Sunday, 29 July 2018

Did the Tories continue their Facebook dark ad campaign during the Manchester Arena bombing pause?



After Facebook were pressurised into releasing a trance of highly deceptive dark ads posted by Vote Leave and their affiliates during the EU referendum, it soon became clear that these despicable Brexit campaigners continued flooding Facebook with their pro-Brexit propaganda during the 3 day pause in campaigning after the murder of Jo Cox by a right-wing extremist.

It's absolutely sickening that these Brexiteers colluded to take advantage of Jo Cox's murder by secretively continuing their dark ad campaign during the pause that they publicly agreed to participate in, but this behaviour raises another question that's extremely difficult to answer.

Given that multiple contributors to the Vote Leave campaign are high profile Tories, including several current and past members of Theresa May's cabinet (Boris Johnson, Michael Gove, Liam Fox, Priti Patel, Chris Grayling, Steve Baker), and the fact that the Tories spent £millions on a very similar campaign of targeted social media dark ads during the 2017 General Election, it's definitely worth wondering whether they also took advantage of the pause in campaigning after the Manchester Arena terrorist atrocity to continue pumping out dark ads on the sly.

The problem of course is that it's pretty much impossible to know because of the UK's incredibly lax attitude towards regulating online political campaigning.

This article certainly doesn't constitute an allegation that the Tories did continue their campaign of dark ads during the pause in campaigning after the Manchester Arena bombing, it's simply stating that due to the incredibly lax nature of the current electoral rules, it's impossible to know whether they did or not - which is obviously completely unacceptable.

It is however justifiable to at least wonder whether they did, given the very similar targeted dark ads strategy, and the involvement of at least half a dozen of the same people in both campaigns.


The only reason we've come to learn about the leave campaign's dodgy ads and grotesque scheming to take advantage of the Jo Cox pause is the testimony of whistleblowers from within the Leave camp and because a committee of MPs demanded the evidence from Facebook (who eventually, and reluctantly, coughed up details of the absolute lies they'd helped to spread).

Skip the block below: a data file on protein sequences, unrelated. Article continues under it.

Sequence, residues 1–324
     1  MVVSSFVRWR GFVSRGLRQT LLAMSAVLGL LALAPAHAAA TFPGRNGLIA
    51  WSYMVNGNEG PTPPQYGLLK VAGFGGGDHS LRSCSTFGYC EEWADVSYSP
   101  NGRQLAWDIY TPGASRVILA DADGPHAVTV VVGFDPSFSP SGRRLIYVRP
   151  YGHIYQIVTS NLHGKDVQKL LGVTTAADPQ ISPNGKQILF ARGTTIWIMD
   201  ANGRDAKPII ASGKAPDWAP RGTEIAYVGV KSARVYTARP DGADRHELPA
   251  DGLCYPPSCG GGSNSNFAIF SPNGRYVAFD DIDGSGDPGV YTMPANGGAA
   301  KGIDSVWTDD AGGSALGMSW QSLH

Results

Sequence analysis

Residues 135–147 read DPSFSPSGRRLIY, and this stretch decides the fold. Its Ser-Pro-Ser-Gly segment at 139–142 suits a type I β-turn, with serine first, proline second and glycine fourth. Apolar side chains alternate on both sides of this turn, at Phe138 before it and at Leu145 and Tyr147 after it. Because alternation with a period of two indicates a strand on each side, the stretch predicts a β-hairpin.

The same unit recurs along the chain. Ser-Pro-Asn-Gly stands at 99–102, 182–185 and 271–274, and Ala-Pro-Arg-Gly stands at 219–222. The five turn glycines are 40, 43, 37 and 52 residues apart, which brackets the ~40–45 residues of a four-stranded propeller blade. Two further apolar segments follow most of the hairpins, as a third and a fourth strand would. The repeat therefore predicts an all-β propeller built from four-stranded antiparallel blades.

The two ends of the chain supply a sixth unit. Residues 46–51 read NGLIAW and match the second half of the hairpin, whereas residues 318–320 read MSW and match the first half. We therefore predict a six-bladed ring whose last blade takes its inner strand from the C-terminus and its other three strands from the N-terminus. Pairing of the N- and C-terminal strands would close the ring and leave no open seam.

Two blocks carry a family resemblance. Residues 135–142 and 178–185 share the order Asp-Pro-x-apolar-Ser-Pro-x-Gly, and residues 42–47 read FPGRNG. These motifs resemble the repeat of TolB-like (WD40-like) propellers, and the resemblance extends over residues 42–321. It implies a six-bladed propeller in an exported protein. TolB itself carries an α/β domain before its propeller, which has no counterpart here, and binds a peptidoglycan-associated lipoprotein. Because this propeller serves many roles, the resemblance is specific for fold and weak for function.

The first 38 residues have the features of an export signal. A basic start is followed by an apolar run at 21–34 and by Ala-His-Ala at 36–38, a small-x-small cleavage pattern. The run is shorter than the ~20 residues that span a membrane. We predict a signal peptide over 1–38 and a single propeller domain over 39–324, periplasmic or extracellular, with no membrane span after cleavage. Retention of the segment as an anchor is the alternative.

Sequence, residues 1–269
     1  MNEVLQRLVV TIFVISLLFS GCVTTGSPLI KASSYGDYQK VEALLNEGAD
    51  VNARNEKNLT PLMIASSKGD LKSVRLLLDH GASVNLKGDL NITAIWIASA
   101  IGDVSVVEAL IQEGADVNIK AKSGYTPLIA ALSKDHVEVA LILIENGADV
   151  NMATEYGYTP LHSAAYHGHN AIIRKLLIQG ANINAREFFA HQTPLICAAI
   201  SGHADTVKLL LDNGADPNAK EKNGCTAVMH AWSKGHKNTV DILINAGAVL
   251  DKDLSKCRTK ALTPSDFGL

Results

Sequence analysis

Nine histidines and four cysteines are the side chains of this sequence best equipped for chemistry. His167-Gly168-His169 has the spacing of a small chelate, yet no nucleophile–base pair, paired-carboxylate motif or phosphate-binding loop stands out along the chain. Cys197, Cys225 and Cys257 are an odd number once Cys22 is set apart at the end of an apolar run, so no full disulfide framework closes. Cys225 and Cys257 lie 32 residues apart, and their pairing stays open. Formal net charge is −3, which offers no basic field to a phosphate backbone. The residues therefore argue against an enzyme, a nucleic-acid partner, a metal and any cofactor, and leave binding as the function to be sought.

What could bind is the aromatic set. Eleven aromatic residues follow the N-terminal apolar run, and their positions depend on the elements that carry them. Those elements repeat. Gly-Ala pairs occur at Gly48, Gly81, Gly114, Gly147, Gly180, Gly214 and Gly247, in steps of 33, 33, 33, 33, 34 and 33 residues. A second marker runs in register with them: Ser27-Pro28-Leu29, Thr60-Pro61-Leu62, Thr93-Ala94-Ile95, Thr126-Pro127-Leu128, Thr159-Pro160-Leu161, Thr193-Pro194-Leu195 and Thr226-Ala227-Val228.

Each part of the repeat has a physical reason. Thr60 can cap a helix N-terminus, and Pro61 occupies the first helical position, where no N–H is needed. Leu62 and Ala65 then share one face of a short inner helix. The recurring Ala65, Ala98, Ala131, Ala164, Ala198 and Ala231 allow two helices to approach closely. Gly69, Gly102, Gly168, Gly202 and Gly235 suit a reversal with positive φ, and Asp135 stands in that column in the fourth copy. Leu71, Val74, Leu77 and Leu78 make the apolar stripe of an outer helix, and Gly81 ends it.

So if we want to know about the content, reach, and timing of all Tory dark ad campaign during the 2017 General Election, we'd need whistleblowers from within the Tory election campaign to step forward, and a Tory-dominated committee of MPs to demand evidence from Facebook about what dark ads the Tories were running, and when!

Essentially the Tory party are the only ones who get to decide how much the public get to know about their own massive targeted dark ad campaign during the 2017 General Election!

In my view the entire system of electoral regulation needs to be updated to take account of targeted social media dark ads as a matter of urgency.

There should be a system put in place where all online political campaign ads must be registered with the Electoral Commission before publication, the registered information should include copies of the campaign advert, details of all hyperlinks within the ad, time of posting, cost of posting, and details of who the ad was targeted at (with geographic targeting of particular regions classified as local campaign spending). All of this information should be uploaded onto a publicly accessible and easily searchable database.

The consequence for non-compliance should be mandatory jail time for rule breakers.

As long as political parties and campaign groups are left free to spend £millions on targeted social media dark ads full of lies and misinformation without any oversight or public scrutiny of what they're doing, then it's beyond obvious that the outcomes of democratic votes cannot be trusted.

Incidentally, this means that if anyone calls for a second Brexit referendum before the electoral rules have been tightened up to clamp down on this kind of online electoral cheating, they're being dangerously naive.

What you can do
  • Share this article to raise awareness of the problem of targeted social media dark ads.
  • Contact your local MP to express your concerns about targeted social media dark ads, and to demand better regulation.
  • Contact mainstream media journalists you admire and ask them to push for better regulation of online political campaigning, and for serious punishments for those who break the rules.
  • Support independent media by making small monthly donations to the independent media sites you appreciate.

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